Mick Gatto is a man who needs no introduction, but he'd prefer it be "colourful businessman".
He's an infamous figure in Melbourne's underworld and describes himself as "one of the great survivors of Melbourne's gangland wars".
But in a defamation trial in Victoria's Supreme Court, he says he's sick of the gangland connections and the damage it does to his reputation.
Quizzed by the ABC's lawyer Matt Collins QC, Mr Gatto admitted he ran in circles with dangerous and violent men including "tiny" hitman Andrew 'Benji' Veniamin - who he killed in self-defence - and underworld crooks and victims Alphonse Gangitano, Mario Condello and Lewis Caine.
But he insists they were "gentlemen" who weren't violent around him, and that his circle of friends and associates went beyond them to also include politicians, lawyers, high-end builders and unionists.
Dr Collins asked if Mr Gatto had a reputation as a gangster.
"That's what I keep hearing," he said, noting media articles referred to him as an underworld figure or referenced mafia ties.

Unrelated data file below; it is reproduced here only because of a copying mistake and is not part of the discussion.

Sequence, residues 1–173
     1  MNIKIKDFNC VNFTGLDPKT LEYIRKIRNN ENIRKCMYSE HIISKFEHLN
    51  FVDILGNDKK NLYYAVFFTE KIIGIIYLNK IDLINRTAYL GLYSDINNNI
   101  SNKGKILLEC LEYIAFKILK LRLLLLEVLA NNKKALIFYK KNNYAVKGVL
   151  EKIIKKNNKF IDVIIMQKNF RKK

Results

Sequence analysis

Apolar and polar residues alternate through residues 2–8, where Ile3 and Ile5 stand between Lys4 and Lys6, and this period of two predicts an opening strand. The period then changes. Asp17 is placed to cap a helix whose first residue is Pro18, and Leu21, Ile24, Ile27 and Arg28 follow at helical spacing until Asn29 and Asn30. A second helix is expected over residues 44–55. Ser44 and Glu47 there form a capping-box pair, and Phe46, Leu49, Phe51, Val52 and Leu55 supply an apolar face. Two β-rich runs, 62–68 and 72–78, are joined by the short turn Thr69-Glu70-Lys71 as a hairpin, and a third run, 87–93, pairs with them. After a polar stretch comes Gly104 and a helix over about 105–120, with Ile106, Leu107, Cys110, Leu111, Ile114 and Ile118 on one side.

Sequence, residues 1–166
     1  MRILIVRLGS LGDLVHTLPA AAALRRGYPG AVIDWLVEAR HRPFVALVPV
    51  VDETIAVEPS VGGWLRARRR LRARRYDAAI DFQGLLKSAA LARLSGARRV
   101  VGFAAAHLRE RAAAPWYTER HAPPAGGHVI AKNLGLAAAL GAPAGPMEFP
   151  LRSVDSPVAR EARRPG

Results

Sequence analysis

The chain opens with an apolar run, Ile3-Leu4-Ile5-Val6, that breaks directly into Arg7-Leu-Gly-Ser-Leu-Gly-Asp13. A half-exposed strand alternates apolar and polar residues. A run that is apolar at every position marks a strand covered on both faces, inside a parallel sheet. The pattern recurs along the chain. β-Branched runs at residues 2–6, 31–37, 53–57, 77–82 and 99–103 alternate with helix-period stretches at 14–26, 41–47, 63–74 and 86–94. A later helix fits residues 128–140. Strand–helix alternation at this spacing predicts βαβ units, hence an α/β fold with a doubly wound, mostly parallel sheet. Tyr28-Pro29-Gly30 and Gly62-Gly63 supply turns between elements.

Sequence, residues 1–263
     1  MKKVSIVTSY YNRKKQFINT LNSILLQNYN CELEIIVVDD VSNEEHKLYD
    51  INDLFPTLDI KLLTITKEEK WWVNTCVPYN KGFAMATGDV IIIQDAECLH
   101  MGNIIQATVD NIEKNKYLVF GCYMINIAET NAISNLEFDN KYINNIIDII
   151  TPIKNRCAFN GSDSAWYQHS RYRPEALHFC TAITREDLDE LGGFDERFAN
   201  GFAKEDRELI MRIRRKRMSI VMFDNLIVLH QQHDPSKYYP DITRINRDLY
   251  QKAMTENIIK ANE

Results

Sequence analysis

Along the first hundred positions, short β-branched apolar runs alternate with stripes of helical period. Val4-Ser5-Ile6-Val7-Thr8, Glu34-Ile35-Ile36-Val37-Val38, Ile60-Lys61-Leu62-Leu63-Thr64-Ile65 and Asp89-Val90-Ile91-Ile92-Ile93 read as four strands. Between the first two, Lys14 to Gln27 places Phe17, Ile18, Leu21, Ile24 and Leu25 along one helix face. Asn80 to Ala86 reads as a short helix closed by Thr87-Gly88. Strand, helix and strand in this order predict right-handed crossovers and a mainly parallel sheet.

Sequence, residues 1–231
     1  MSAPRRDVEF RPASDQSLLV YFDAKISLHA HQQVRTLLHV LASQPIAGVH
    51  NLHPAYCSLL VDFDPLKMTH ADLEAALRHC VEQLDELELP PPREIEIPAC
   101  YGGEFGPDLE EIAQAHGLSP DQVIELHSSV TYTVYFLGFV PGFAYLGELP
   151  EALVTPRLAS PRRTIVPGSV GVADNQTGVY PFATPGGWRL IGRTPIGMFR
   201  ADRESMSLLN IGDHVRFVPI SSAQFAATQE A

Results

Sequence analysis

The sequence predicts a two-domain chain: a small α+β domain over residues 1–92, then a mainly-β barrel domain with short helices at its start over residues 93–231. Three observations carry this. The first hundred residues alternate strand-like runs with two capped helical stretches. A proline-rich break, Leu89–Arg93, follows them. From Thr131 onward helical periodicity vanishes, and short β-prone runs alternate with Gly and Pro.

"Very, very rarely do they write an article about me saying 'colourful businessman'. I'm sick of it."
He has promoted his gangland ties in the past, including in his own book.
But Mr Gatto insists those days are behind him and now he's a mediator for unions and builders.
Rather than be afraid of him, he says people have lined up for photos and autographs.
He's suing the ABC for defamation over a February 2019 article which he and his lawyers say implied he was a hitman and murderer who had also threatened to kill Lawyer X Nicola Gobbo.
His barrister David Klempfner said the article implied Mr Gatto had been involved in the unsolved murder of fruiterer Frank Benvenuto in 2000 and the murder of Victor Peirce in 2002.
"It's particularly harmful and hurtful for Mr Gatto because he has been accused of murder in the past ... and was acquitted," he said.
A jury accepted in 2005 that he had shot and killed Veniamin in self-defence.
The ABC denies the allegations, arguing the article and a follow up which included Mr Gatto's denials of the claims, were a fair and accurate report of several court proceedings.
Mr Gatto's wife Cheryle said he took no issue with truths printed about his past, but feels "pained and assaulted" when stories are not true.
"He was angry and hurt and very keen to organise some type of retribution. An apology was all he ever wanted," she said.
Mr Gatto reached a confidential settlement with The Daily Mail earlier this year over similar comments, accepting an apology and a "significant" payout which covered $55,000 in legal fees.
The defamation trial before Justice Andrew Keogh is continuing.